interstitialjournal.files.wordpress.com/...

The problem as it always has been is the role of institutions like banks and the dilemma of advanced technology. The interesting question is whether there could be a WSDE in Silicon Valley, or WSDE schools.

The Political Economy of Communication, Vol 1, No 2 (2013) Theorising and analysing digital labour: From global value chains to modes of production Christian Fuchs, University of Westminster

The complex network of cycles of digital labour.(Fuchs)

this is a tweet thread from the Black Socialists on Modes of Production

(1/6)

“It’s really only ‘do ya got it?’ or ‘do ya not have it?’

And if ya have it, you can be the employer.

And if you don’t, [then] ya can’t [be the employer].

The fact that the employer who has it didn’t produce it is a nagging problem we prefer not to ask [about].”

(2/6)

“The logic would be, gee, the worker added the value; [they] SHOULD GET IT!

‘CAUSE [THEY] GAVE IT!

[THEY] CREATED IT!

...

Do you think that happens in Capitalism?

No, you don’t, do you?

We don’t give the worker the value added... EVER, in Capitalism.”

(3/6)

“[The Capitalist] has to rip the workers off...

[The Capitalist] has to STEAL from them part of what their labor added.

...

The condition of your employment is that you produce more by your labor than you get paid.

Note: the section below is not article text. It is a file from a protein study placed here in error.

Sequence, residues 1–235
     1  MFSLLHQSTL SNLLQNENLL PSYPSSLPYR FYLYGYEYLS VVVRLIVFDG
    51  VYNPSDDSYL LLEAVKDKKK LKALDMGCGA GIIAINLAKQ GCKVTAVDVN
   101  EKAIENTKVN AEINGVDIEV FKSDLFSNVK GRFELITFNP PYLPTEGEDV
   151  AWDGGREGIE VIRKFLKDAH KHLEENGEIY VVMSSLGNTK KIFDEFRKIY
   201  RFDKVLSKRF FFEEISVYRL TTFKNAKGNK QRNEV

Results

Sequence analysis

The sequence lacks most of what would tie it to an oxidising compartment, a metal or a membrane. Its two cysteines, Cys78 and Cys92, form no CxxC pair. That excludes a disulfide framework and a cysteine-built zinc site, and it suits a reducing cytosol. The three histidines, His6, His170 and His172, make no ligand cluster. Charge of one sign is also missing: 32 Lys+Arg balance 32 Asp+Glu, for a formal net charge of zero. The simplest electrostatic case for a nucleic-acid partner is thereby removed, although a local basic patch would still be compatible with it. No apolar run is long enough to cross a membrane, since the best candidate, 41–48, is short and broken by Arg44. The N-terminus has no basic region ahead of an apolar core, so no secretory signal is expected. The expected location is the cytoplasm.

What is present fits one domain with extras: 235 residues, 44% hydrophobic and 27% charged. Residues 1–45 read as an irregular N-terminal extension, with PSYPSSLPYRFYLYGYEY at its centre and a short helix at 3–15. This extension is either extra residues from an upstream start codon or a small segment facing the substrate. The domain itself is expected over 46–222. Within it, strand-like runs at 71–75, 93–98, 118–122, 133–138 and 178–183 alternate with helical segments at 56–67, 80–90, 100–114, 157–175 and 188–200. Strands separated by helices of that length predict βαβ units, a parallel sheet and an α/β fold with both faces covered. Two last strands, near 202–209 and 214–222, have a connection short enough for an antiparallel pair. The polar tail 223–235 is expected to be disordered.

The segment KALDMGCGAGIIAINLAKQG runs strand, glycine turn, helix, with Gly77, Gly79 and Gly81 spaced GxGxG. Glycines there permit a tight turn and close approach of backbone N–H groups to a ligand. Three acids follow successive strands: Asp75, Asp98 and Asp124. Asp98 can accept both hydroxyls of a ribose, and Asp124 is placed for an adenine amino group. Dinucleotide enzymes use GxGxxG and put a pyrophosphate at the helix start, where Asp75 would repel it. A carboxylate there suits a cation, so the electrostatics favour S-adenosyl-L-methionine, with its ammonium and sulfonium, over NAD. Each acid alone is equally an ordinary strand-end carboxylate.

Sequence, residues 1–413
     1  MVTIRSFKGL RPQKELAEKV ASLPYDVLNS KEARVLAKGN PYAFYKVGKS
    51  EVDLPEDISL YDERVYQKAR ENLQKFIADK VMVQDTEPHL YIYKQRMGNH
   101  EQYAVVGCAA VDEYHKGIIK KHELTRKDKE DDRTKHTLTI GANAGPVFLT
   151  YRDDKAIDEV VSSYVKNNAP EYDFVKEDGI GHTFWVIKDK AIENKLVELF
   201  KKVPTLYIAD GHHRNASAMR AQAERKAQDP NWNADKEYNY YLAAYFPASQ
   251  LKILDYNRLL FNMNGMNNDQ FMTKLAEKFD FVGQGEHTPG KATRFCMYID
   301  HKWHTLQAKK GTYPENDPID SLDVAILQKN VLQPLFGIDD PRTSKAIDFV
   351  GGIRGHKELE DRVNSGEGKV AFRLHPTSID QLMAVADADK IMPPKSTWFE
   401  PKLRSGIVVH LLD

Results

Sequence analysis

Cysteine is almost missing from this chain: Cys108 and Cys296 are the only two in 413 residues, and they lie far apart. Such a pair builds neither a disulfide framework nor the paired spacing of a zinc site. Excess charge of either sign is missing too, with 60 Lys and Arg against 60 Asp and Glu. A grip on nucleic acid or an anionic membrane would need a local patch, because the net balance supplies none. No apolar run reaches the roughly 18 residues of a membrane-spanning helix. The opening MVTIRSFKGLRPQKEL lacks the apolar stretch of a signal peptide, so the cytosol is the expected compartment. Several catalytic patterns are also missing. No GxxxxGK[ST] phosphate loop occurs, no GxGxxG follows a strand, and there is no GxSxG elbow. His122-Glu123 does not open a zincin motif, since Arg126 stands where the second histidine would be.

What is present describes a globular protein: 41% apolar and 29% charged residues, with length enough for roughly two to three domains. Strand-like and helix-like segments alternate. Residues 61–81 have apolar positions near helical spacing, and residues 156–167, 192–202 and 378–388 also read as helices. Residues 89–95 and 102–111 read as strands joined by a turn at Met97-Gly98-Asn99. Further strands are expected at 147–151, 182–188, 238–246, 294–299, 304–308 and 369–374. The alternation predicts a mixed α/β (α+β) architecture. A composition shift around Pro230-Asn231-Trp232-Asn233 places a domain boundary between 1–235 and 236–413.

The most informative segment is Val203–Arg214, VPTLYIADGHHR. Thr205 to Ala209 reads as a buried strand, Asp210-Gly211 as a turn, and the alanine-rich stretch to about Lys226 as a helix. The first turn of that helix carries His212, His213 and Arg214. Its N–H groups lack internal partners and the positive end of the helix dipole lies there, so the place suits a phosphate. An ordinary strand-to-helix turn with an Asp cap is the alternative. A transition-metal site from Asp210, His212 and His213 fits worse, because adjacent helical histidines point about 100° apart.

Welcome to the capitalist system.”

(4/6)

“The best way to describe your work in a capitalist enterprise is not that the employer gives YOU a job; it’s that you give your employer THE SURPLUS!

The ‘giver’ and the ‘getter’ are in reversed order from what the language suggests.”

(5/6)

“What is ‘Socialism,’ given what I’ve described here?

...

The workers will still come to work ... but ... the surplus?

They get that.

...

What is the simple American phrase that captures this?

‘Worker co-op.’

It’s very old...

You don’t need a new [theory]...”

(6/6)

It is time that Leftists come back to the essence of Scientific Socialism and, using the method of dialectical materialism, truly evaluate the means by which we achieve true “liberation” within the 21st century.

The revolution begins with us, and it begins in the workplace.